“Please don’t label me an anti-Semite simply for asking these questions,” the commenter asks. “I don’t know if what the Archbishop said is true or not, but as a mere observer, it is frustrating to learn from Mr. Mills that certain ideas are dismissed out of hand simply because they might cause offence.” (Which is not, by the way, what I argued. I said the archbishop’s ideas should be condemned because they’re lunatic and bigoted.)
It is the line the shrewder Holocaust deniers and revisionists and others of that sort always use. They’re not anti-Semites, oh no no no, they’re just asking questions, probing the evidence, raising matters for consideration, exploring anomalies in the data, pointing out problems with the dominant narrative—just being good (if continually misunderstood) historians.
One tends not to believe them. There are some stories about which to claim, or to feign, agnosticism is to advance a lie. Hitler the instrument of world Zionism is one of them. This leaves us asking why such people claim, or feign, agnosticism about such stories, which are so often stories about Jews. Why these stories in particular? Anti-semitism is one obvious answer.
Update: A note from a friend prompted me to a quick web search, which led me to remembering that one of the main Holocaust-denying groups is called the Institute for Historical Research. See paragraph five above.
Yesterday, December 2, Lawrence Kudlow hosted our editor, R. R. Reno, and PovertyCure director and Acton Research Fellow, Michael Matheson Miller, on CNBC’s “The Kudlow Report” to discuss capitalism and Pope Francis’ Apostolic Exhortation, Evangelii Gaudium. It’s important, Reno noted, to always keep in mind that the fundamental purpose of human life is not simply material:
I think we have to be sure we don’t fight the last war. It seems to be that Pope Francis is responding to the fact that global capitalism is triumphant and we have to deal with its limitations and its excesses and that’s going to require something more than just free market measures. . . . Because if we’ve become too ra-ra about capitalism, what we’re really saying is that wealth creation, which capitalism is supremely good at doing, is really the be-all and end-all of human life. And that reinforces the secularist mentality.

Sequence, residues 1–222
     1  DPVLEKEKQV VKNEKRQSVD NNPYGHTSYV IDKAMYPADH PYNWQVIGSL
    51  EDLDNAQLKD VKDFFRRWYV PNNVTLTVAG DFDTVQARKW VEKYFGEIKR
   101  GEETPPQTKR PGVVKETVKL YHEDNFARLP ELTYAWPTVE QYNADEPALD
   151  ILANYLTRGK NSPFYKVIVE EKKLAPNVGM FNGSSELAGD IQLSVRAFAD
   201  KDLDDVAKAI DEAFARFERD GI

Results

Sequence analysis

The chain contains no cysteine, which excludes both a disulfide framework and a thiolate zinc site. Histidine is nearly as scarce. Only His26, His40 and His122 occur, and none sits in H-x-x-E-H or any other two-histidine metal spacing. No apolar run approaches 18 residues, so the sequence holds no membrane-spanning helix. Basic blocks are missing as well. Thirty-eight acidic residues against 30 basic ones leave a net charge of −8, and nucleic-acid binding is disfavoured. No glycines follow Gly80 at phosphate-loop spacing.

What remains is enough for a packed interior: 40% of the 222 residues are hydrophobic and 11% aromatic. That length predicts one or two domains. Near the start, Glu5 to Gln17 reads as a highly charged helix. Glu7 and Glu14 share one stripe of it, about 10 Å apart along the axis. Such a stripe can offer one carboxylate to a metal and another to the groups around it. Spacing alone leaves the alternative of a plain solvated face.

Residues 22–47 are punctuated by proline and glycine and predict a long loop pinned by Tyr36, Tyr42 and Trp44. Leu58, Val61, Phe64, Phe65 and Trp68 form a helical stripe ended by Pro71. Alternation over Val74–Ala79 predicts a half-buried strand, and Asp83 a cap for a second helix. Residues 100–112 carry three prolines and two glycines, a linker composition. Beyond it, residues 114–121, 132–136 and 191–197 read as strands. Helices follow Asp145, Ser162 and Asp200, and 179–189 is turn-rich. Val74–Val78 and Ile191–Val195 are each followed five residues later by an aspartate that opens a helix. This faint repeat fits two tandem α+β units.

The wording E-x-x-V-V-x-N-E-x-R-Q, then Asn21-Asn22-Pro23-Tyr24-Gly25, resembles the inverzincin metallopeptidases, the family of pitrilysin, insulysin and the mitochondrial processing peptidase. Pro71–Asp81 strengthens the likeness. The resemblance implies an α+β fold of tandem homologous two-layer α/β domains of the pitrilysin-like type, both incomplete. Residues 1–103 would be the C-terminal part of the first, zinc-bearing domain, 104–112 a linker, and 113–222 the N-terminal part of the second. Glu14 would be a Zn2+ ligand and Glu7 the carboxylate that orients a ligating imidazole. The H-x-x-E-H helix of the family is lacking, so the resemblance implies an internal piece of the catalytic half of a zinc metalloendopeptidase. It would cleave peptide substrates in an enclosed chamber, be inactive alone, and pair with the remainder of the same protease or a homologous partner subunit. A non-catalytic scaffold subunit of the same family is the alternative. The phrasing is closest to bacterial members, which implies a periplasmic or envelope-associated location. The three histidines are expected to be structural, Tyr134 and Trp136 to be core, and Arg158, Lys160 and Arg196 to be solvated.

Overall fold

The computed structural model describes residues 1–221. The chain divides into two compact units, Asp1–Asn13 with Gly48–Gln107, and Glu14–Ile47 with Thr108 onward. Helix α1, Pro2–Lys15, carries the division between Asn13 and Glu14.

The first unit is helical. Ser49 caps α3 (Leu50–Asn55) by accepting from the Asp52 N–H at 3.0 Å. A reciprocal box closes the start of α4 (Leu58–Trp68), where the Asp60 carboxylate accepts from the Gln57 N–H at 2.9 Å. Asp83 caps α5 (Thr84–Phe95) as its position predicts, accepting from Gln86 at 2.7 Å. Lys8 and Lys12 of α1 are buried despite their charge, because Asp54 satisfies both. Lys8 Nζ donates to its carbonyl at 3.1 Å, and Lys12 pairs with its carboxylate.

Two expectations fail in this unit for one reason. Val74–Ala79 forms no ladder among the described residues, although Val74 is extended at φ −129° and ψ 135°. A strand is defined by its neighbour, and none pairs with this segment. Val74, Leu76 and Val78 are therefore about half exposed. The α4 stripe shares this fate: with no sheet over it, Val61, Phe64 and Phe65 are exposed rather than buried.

Happy Tuesday! Here’s what we have for you today.
Here at First Thoughts, we have Dale M. Coulter on immigration: “Given the doctrine of creation, Christians have always respected the rule of law where law refers not primarily to civil laws, but to the eternal law.”
I’ve always been struck by the ascription of philanthropia to God in Titus 3:4. God is a lover of humanity. Philanthropia is also closely associated with humanitas, as Jerome understood when he employed the Latin term in his translation of the verse. God’s love for humanity is an expression of a genuine humanism, the humanism of God. This lavish claim fits well with what is said in Titus 2 that the “grace of God has appeared bringing salvation to all humanity” (v. 11). It is difficult to escape the universality of this humanism as nothing less than the appearance of a grace for all. It echoes the Johannine declaration that “for God so loved he gave.”
Moreover, there is a close relationship between being a lover of humanity and practicing hospitality as a manifestation of love for the stranger or alien (philoxenias). We are admonished to love the stranger in Hebrews 13:2 just shortly after the exhortation to love one’s fellow believers (philadelphia). The author of 1 Clement (10-12) constructs a cloud of witnesses around hospitality, noting that Abraham was called “the friend” (ho philos) because of his hospitality and faith. Grounded in the hospitality Abraham gave to the three visitors, Rublev’s great icon of the Trinity beautifully captures God’s humanism and hospitality.
These ideas come to mind when I think about the evangelicos who cross the Sonoran Desert in shirts emblazoned with the words resucito, or Catholics who journey with prayer cards and rosaries in hand. The church’s mission in the world is both a form of humanism and an extension of hospitality. It also reminds us that the church approaches civil laws that govern societies in light of its understanding of the God who stands behind creation and redemption. (more…)
Happy Monday-after-Thanksgiving! Here’s what we put up for you to read over the weekend: